A Punch Turns Political in Michigan Labor Protests

Steven Crowder didn't instigate the punch or return it. But he got what he wanted: evidence for the widespread conservative caricature that union members are thugs.

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Steven Crowder went to Michigan in search of a stereotype. “I went out here to prove the left for who they truly are, certainly these union thugs,” Crowder told Fox’s Sean Hannity Tuesday night, a few hours after he was assaulted on camera outside the Michigan statehouse in Lansing. In a sense, he succeeded. He found union protesters and one of them clocked him in the face a few times.

Crowder is a conservative standup comedian and Fox News contributor. He calls himself a social/political commentator, which is a highfalutin label for the level of commentary he offers. (“Liberalism is a disease,” his YouTube account explains.) As protests intensified in Lansing after the Michigan legislature’s passage of a pair of right-to-work bills, he waded into a crowd of angry union workers, asking them basic questions about why they opposed right-to-work legislation, according to the videos posted to the Internet.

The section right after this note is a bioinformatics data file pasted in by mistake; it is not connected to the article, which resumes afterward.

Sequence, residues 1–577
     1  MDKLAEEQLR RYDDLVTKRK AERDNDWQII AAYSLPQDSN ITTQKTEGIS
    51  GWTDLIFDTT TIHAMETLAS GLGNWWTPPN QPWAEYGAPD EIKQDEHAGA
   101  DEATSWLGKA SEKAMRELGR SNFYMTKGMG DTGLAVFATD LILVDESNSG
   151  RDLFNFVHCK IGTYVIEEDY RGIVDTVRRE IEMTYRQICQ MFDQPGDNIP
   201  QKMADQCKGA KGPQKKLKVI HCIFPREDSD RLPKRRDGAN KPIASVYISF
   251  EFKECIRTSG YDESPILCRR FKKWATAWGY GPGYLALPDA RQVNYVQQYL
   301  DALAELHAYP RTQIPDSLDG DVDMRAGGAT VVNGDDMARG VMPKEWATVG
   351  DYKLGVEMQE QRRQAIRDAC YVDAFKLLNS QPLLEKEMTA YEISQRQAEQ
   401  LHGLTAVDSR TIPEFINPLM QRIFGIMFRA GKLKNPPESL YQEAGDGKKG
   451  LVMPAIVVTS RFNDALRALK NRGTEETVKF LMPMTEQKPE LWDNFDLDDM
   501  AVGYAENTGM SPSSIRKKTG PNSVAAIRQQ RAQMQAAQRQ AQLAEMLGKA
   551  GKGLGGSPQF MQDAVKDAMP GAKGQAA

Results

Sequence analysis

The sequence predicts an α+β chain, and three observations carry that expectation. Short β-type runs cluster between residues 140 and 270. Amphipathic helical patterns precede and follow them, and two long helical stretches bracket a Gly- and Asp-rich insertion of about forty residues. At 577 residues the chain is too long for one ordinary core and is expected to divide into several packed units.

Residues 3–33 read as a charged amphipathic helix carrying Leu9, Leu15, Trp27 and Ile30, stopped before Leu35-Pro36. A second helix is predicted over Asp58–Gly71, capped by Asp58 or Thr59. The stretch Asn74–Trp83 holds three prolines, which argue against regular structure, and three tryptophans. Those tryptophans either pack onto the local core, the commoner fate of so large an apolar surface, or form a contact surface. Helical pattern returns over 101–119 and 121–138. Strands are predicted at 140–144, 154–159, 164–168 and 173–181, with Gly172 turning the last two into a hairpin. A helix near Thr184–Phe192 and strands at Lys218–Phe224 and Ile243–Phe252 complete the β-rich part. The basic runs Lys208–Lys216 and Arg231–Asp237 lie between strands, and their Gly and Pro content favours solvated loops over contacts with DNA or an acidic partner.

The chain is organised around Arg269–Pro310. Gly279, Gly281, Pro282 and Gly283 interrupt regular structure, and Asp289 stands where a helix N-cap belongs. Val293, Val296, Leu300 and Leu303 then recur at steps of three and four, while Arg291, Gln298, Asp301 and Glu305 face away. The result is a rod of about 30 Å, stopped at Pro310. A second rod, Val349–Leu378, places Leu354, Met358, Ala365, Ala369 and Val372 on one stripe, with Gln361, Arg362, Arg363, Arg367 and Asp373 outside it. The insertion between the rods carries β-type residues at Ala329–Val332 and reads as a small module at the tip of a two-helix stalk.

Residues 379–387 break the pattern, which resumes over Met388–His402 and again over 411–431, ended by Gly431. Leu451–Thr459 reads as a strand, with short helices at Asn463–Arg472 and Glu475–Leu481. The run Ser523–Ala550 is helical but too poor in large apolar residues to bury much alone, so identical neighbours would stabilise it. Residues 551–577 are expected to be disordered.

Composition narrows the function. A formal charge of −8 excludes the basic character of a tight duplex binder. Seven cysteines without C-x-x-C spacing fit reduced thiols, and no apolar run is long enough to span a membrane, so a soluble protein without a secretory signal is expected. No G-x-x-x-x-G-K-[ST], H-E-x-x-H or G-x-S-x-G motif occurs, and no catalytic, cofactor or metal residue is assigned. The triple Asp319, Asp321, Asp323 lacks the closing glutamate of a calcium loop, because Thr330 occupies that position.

Crowder was trying to provoke the protesters — or, failing that, to make them look stupid if they couldn’t muster an eloquent response. He was trolling a bunch of angry people who had just lost a battle that could cost them a big chunk of their salary. He irritated the wrong guy and got hit in the face.

Which isn’t to say he deserved what happened, as some people told him on Twitter, or that there’s any excuse for violence. Crowder didn’t invite the punch or return it. But he certainly got what he wanted, which was evidence for the widespread conservative caricature that union members are thugs. (“Union thugs” yields 2.76 million hits on Google.)┬áHe got footage of a small group of union workers supporting a stereotype — yanking down an Americans for Prosperity tent, threatening to shoot people, and so on.

Ideologies and the protest movements they give rise to are easy to caricature, and caricatures serve a political purpose. Promoting the stereotype that union members are thuggish is the right’s way of demonizing a group they ideologically oppose. So when Crowder tells Hannity that he “never went out here to try and be assaulted,” he’s surely telling the truth. He probably never imagined his trolling would work quite so well.